Heidi Rehm, PhD, FACMG
Associate Professor of
Pathology, Brigham & Women's Hospital and Harvard
Chief Laboratory Director,
ASHG: If you could go back to when you
were a trainee, what is one piece of advice you would give
yourself for your current career?
Dr. Rehm: If I could go back to my days as a trainee, I would allocate
more time in my education for learning bioinformatics and
statistics. These skills are critical in the era of genomics
and the evaluation of evidence for a gene or variantís role
ASHG: What are your favorite and least favorite parts of your job?
My least favorite part of my job is sleep deprivation. There
is just too much to do in the fast-moving world of genomics
and not enough time to do it!
My favorite part is watching how quickly we are making a
difference in the lives of patients with advances our field
makes everyday. With many new projects focused on worldwide
activities and data sharing to advance our understanding of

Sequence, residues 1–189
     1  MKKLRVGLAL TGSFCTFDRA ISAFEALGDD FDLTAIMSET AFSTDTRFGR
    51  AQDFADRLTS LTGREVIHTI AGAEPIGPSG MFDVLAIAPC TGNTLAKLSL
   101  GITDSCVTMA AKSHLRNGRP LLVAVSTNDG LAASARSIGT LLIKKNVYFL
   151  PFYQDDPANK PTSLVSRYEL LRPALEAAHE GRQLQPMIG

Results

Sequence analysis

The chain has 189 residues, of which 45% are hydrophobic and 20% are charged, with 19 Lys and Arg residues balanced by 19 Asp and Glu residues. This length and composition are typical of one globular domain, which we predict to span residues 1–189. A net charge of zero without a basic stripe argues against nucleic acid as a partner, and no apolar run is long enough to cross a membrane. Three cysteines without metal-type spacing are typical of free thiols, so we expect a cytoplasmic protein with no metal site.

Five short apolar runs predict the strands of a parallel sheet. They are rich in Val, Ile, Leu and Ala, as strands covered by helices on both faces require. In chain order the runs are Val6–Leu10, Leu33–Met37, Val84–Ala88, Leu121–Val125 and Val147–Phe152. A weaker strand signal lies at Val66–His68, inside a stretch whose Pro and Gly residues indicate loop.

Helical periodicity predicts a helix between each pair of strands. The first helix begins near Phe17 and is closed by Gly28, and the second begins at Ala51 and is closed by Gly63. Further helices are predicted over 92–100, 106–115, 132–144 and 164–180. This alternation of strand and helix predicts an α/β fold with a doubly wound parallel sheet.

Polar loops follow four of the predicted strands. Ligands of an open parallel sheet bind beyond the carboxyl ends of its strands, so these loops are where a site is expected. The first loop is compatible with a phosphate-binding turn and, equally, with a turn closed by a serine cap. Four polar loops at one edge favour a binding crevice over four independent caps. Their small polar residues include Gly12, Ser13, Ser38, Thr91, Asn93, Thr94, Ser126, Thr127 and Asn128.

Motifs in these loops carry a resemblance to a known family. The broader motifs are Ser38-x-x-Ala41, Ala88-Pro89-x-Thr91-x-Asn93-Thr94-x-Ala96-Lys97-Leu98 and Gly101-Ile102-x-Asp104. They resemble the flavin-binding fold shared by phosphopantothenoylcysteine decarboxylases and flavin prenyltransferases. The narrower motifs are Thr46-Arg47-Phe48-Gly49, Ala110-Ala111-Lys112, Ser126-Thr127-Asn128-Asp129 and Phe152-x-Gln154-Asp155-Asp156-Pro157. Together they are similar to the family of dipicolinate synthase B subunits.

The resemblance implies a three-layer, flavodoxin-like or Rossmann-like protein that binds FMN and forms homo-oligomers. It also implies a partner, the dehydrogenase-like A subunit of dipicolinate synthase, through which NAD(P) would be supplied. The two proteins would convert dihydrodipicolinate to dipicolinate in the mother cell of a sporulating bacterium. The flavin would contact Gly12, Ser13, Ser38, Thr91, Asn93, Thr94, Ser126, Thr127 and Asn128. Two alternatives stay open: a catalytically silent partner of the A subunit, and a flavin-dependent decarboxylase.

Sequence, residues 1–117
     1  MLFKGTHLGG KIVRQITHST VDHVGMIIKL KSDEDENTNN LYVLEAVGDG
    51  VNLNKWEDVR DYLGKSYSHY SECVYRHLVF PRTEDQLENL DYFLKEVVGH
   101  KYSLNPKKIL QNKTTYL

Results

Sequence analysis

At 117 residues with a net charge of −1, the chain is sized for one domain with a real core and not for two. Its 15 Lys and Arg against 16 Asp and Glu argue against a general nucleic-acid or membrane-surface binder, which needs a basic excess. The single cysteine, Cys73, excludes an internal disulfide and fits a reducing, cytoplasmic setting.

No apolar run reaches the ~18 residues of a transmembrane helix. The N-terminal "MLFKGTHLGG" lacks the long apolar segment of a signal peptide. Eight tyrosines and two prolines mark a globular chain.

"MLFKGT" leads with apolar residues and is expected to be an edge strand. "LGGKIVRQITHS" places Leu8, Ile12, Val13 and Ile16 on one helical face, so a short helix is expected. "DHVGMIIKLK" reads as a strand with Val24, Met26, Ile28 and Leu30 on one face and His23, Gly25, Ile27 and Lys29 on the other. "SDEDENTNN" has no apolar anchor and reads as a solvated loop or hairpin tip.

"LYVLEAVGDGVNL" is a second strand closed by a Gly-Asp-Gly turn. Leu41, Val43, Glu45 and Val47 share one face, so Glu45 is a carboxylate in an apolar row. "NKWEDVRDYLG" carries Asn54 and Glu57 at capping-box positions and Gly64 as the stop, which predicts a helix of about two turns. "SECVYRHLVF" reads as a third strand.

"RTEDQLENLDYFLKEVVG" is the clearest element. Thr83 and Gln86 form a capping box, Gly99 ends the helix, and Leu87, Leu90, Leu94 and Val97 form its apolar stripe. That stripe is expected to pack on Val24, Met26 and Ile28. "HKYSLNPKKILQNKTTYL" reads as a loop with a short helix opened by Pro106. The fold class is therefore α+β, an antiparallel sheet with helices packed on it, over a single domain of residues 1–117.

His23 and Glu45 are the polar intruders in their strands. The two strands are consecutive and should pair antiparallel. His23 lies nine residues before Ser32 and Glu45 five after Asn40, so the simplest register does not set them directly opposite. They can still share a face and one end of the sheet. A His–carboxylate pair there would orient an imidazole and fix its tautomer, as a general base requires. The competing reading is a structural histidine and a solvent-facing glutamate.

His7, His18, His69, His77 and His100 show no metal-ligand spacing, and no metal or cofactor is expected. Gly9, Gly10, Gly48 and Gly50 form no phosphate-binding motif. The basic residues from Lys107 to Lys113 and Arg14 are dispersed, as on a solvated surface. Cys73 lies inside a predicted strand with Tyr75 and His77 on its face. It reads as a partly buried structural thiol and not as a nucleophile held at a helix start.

health and disease I see a global community joining
together. This allows us all to move ahead faster by
reducing redundancy and bringing larger data sets together
to enable discoveries that could not happen when data sits
in silos. It's fun to meet new people, share ideas and make
ASHG: What do you
think the future holds for the field of genetics?
Rehm: I look ahead to a time when we will have
deciphered all of the causes of disorders with a genetic
basis and are able to effectively treat, manage and often
prevent the morbidity and mortality associated with rare
disorders. I also look to a future where our genomes not
only inform those with rare disease, but offers risk
prediction that actually makes a difference in how we manage
our health. This will be facilitated by supporting a
healthcare environment that guides all physicians in the use
of genomics and supports continuous learning models and
better standards for healthcare as a whole.
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